Gov. Bevin ignores reporters who are critical, ?like Trump, uses social media to control his message

Apr 26, 2017 at 10:38 am

[Ed. Note: We at left-leaning, socialism-curious LEO would never expect Gov. Matt Bevin to return our calls. But apparently Bevin and his spokesperson are not answering calls or emails from any news-gathering media that they find critical. Also disturbing is that Bevin rarely holds press conferences, choosing instead to spend hours tweet-storming away and posting bumptious videos on Facebook of his alleged accomplishments. He is like President tRump’s Kentucky Mini-me. That makes us wonder: Why is Bevin so scared of the media? His reluctance to talk to the press also concerns Al Cross, a former Courier-Journal political reporter who is now director of the Institute for Rural Journalism and Community Issues and associate professor in UK’s School of Journalism and Media. Read what he wrote below, from the Kentucky Press Association, and then his CJ column “Is Bevin a cleanup crusader or a craven coward?” from April 14. And, of course, these are Cross’ views, not UK’s.]

Gov. Matt Bevin’s communications director said last week that “We don’t really find a ton of value” in general press conferences because the governor travels the state extensively and is interviewed by “the newspapers that want to cover the great things that are happening.” And she refused to answer a question about Bevin’s lack of response to news media he doesn’t like.

Speaking on a panel arranged by the University of Kentucky public-relations office, Amanda Stamper said social media allow the governor’s office to “take our messages directly to the audiences we are trying to talk to, being able to break our own news, being able to control the message without having to go through the different filters that the media puts on things.” Later, speaking of social media platforms such as Facebook Live, she said, “There is a transparency about that.”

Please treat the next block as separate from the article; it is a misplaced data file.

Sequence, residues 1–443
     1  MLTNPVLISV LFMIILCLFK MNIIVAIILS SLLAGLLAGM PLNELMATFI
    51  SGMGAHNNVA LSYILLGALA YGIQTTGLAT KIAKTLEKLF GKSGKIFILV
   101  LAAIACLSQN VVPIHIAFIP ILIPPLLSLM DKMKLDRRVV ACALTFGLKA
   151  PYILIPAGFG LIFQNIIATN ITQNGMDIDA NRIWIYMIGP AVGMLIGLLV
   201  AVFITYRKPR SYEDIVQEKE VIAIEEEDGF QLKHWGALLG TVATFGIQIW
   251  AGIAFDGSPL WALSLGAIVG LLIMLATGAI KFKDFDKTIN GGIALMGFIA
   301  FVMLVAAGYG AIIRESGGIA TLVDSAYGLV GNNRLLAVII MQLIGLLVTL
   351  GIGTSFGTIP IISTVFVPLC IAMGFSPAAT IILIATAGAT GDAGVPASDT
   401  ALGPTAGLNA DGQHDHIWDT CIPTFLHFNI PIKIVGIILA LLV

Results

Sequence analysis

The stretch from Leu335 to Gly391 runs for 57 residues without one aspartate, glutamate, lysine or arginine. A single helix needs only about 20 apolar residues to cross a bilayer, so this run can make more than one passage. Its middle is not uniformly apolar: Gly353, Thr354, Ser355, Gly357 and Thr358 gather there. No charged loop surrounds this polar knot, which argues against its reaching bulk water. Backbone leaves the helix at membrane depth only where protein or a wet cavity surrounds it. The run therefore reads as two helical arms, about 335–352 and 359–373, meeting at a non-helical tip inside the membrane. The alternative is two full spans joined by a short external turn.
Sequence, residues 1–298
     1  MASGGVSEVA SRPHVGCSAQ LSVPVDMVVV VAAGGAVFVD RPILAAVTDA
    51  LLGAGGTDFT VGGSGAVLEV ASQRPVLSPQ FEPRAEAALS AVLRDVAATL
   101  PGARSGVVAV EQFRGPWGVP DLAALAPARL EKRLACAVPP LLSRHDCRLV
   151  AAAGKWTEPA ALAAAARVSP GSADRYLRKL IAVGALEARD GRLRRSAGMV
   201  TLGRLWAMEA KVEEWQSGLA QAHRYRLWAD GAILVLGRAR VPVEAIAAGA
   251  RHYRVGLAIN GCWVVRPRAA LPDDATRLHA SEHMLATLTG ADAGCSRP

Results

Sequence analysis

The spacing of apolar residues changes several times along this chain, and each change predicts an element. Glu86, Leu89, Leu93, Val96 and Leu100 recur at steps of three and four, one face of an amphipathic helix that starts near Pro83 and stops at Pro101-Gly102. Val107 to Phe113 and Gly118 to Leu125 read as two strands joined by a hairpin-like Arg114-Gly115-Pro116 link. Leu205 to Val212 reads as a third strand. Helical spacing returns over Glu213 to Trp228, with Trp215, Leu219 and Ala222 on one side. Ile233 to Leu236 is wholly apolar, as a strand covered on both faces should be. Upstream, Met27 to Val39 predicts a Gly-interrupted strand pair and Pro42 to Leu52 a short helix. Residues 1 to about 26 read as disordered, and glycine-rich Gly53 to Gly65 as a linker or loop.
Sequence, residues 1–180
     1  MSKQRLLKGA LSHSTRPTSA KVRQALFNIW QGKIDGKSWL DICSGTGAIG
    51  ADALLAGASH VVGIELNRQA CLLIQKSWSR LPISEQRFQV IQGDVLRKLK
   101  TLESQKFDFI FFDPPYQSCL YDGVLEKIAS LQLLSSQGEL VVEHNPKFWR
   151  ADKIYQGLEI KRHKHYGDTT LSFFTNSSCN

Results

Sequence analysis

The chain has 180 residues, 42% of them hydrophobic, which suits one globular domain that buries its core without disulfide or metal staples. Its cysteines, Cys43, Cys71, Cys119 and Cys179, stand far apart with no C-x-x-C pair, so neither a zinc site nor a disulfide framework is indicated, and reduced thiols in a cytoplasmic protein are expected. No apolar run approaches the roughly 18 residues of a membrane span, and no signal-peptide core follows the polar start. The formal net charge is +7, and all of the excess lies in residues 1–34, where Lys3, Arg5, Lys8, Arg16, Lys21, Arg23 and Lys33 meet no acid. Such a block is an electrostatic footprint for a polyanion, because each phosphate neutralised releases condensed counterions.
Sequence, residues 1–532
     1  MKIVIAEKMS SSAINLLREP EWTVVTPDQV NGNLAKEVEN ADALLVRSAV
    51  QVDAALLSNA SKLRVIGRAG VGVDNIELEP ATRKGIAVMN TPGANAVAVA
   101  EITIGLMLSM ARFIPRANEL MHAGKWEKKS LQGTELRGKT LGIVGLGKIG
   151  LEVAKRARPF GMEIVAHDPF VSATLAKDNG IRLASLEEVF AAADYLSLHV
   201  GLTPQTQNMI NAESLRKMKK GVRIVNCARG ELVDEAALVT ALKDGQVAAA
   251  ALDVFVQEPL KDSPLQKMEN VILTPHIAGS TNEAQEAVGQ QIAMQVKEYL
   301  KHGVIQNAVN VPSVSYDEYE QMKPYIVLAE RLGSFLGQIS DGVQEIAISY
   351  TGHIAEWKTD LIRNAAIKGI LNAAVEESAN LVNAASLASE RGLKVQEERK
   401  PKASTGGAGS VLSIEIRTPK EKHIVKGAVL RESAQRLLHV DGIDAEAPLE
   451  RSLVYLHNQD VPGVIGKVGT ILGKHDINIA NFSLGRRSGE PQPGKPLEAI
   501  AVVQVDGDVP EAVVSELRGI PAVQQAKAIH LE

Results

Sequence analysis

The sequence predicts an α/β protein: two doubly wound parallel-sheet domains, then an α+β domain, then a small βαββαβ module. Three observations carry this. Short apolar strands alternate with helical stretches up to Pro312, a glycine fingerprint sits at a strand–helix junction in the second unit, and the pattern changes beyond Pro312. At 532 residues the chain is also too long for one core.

Stamper said news stories about the governor that drive clicks on newspaper websites “aren’t necessarily the things we think ought to be covered ... We don’t necessarily worry about that.” Later, she noted that the Kentucky Civic Health index shows that less than half of Kentuckians trust the news media, down 13 percent from the previous survey, three years ago. She said the reach of Facebook videos can exceed the circulation of The Courier-Journal and the Lexington Herald-Leader in two hours.

Jay Blanton, UK’s executive director of public relations, said traditional media are still important, but are now just one of many platforms for public-relations professionals. He said UK’s social media audience is 530,000.

When moderator Carl Nathe of UK PR announced that the hour was up and panelists could answer audience members’ questions one-on-one, and the panelists began to rise, I rose from my front-row seat, walked toward Carl and asked, “Carl, how come no questions from the audience for the public? I mean, I’ve got a question I’d like to address to members of the panel.” He said, “We can make an exception,” and handed me the microphone. Here’s what I said:

“As some of you probably know I wrote a column recently which questioned the governor’s lack of press conferences and his apparent policy of not responding to media outlets that he does not favor. And I can understand, Amanda, your wish to have things covered that you want covered, but you and the governor are public employees, and the media outlets that you’re not responding to have a significant circulation. I think Lisa [Deffendall of Fayette County Public Schools] at one point said you want to get your message out to people in the form that they’d like to receive [it]. There are a lot of people who read The Courier-Journal, the Herald-Leader, the Community Newspaper Holdings newspapers, who would like to hear a response from the governor’s office. And yet you won’t even show those reporters the courtesy of responding to their inquiries. Why?”

Stamper replied, “So, we are here tonight to talk to the students and answer their questions, so I will, um, take the chance to not answer that question.”

I replied, “I find that completely offensive for a person in a public position.”

I hope editors and reporters in all corners of the state will regard Stamper’s remarks about message control and supposed transparency as an insult to the intelligence of Kentuckians and the need for accountability in a representative democracy, and think about some accountability questions to ask the governor the next time he comes to your town.